LLDB is a large and complex codebase. This section will help you become more familiar with the pieces that make up LLDB and give a general overview of the general architecture.
LLDB has many code groupings that makeup the source base:
The API folder contains the public interface to LLDB.
We are currently vending a C++ API. In order to be able to add methods to this API and allow people to link to our classes, we have certain rules that we must follow:
Classes can’t inherit from any other classes.
Classes can’t contain virtual methods.
Classes should be compatible with script bridging utilities like swig.
Classes should be lightweight and be backed by a single member. Pointers (or shared pointers) are the preferred choice since they allow changing the contents of the backend without affecting the public object layout.
The interface should be as minimal as possible in order to give a complete API.
By adhering to these rules we should be able to continue to vend a C++ API, and make changes to the API as any additional methods added to these classes will just be a dynamic loader lookup and they won’t affect the class layout (since they aren’t virtual methods, and no members can be added to the class).
A collection of classes that implement our breakpoint classes. Breakpoints are resolved symbolically and always continue to resolve themselves as your program runs. Whether settings breakpoints by file and line, by symbol name, by symbol regular expression, or by address, breakpoints will keep trying to resolve new locations each time shared libraries are loaded. Breakpoints will of course unresolve themselves when shared libraries are unloaded. Breakpoints can also be scoped to be set only in a specific shared library. By default, breakpoints can be set in any shared library and will continue to attempt to be resolved with each shared library load.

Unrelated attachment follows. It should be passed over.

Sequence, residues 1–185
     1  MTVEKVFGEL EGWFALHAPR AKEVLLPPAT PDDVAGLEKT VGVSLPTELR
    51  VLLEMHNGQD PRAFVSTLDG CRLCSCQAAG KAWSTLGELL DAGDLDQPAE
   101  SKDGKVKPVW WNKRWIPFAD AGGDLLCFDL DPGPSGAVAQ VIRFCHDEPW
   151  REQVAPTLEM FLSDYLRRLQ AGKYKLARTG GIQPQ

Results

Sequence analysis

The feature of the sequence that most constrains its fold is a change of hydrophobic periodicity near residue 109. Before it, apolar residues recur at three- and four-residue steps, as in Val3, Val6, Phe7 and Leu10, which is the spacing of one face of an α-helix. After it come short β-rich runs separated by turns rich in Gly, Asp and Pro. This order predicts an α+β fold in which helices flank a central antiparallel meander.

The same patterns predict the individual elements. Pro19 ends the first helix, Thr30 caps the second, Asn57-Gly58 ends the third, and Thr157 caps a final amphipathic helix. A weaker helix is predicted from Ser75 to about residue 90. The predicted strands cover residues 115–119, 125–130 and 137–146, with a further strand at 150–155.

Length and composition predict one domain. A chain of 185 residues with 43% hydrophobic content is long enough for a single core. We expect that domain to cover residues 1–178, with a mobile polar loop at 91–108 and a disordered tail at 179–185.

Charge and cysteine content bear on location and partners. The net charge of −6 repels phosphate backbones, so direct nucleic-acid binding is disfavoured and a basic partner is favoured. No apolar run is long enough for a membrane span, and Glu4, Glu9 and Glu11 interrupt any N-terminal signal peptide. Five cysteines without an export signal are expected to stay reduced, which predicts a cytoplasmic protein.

Breakpoint options can be set on the breakpoint, or on the individual locations. This allows flexibility when dealing with breakpoints and allows us to do what the user wants.
The command source files represent objects that implement the functionality for all textual commands available in our command line interface.
Every command is backed by a
lldb_private::CommandObjectMultiword are commands that have subcommands and
allow command line commands to be logically grouped into a hierarchy.
lldb_private::CommandObject command line commands are the objects that
implement the functionality of the command. They can optionally define options
for themselves, as well as group those options into logical groups that can go
together. The help system is tied into these objects and can extract the syntax
and option groupings to display appropriate help for each command.
The Core source files contain basic functionality that is required in the debugger as well as the class representing the debugger itself (Debugger). A wide variety of classes are implemented:
Address (section offset addressing)
Broadcaster / Event / Listener
Communication classes that use Connection objects
A collection of classes that implement the data formatters subsystem.
Data formatters provide a set of user-tweakable hooks in the ValueObjects world that allow to customize presentation aspects of variables. While users interact with formatters mostly through the type command, inside LLDB there are a few layers to the implementation: DataVisualization at the highest end of the spectrum, backed by classes implementing individual formatters, matching rules, etc.